Several people asked this question when I returned.
Only I didn’t know how to answer.
I thought I would write. I thought I would fill a whole journal with words upon words after returning. Writing is how I process, after all.
But every time I sat down and picked up a pen, I would stare awhile at the blank page.
Then I would set the pen down and close the empty journal and do something, anything else.
Because how does one put into words all that is Congo?
A place wholly broken and wholly beautiful.
Where corruption and redemption are so inextricably entwined, telling them apart is a complicated, messy business.
Where an abundance of the world’s coveted resources exists right alongside a poverty so abject it could rattle a person’s soul.
Where men with crippled legs sit outside a Fondu restaurant serving $40 meals, beating on drums for money.
Congo is a walking contradiction.
A lively one, too.
With its cacophony of sounds and its mishmash of color.
Mmmbote Mundeli! and Bonjour!
Children’s giggles and that adorable way they say madam, like ma-DEM. Oh, I could melt.
The lush vegetation.
The bright oranges and yellows, purples and blues of fabric that women stitch into dresses and shirts.
The darkness of skin and the whiteness of smiles.
Children in uniforms walking to and from school and children without uniforms, sometimes without any pants at all, walking the streets, tapping on car windows, begging for money because they have nowhere to go and nothing to eat.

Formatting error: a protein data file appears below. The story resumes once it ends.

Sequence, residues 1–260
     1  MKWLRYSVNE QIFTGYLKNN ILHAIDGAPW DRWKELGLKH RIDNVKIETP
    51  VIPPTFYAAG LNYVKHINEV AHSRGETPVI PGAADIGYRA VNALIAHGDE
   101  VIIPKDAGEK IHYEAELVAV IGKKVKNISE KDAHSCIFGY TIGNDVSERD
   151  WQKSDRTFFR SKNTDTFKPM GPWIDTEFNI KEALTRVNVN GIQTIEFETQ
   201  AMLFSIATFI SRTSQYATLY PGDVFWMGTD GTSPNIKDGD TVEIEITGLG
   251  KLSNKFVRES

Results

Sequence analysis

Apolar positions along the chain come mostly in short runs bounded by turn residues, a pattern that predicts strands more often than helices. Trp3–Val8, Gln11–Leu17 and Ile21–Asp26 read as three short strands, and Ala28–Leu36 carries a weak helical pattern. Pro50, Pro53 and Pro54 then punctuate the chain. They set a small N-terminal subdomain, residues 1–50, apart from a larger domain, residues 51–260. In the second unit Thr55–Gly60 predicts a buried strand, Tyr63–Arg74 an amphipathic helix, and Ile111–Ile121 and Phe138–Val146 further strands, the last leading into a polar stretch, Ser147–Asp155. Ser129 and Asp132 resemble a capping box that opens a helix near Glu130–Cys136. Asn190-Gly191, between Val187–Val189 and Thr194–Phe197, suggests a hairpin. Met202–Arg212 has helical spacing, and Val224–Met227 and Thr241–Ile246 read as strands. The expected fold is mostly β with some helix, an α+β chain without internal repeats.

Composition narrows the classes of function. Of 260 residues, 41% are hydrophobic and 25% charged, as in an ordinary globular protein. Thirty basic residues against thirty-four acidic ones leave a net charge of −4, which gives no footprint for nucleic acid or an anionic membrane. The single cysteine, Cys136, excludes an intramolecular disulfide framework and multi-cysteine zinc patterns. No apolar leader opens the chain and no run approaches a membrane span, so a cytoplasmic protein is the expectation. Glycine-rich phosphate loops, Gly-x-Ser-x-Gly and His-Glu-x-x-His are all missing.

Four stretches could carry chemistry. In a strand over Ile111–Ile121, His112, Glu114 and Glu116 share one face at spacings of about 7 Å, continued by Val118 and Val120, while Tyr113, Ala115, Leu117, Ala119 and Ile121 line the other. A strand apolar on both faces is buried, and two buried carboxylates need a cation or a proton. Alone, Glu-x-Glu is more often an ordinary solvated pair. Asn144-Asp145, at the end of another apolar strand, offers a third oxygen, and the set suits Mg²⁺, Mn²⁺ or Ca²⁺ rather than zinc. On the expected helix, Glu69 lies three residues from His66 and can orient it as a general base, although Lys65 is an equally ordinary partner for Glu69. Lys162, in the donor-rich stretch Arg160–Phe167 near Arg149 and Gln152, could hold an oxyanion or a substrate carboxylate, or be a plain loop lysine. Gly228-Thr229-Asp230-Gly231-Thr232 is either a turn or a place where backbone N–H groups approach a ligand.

Rains that flash and flood all within the time it takes Shakira to sing Waka Waka.
A sun that rises and sets at six o’clock, on the dime, every single day.
Heat and dust and humidity and bugs.
Women and men carrying eggs and water and towers of whatever else atop their heads.
Orphanages overflowing with bald, big-bellied children, their lips quick to smile, but their eyes?
They tell a different story.
One of sadness and injustice and a whole world of heartache.
Little girls walking around with even smaller children strapped to their backs.
Because while childhood is almost a given here in America, in Congo it is a precious, rare commodity.
I visited a country saturated with resiliency, love, passion.
It’s a country that has not received a fair shake, not then and not now, but marches on because what else is there to do but keep going?
How does one write about a trip such as this?
There aren’t words to do it justice.
Let’s Talk: Have you ever gone on a life-changing trip or had your eyes opened to something they can never be closed to again?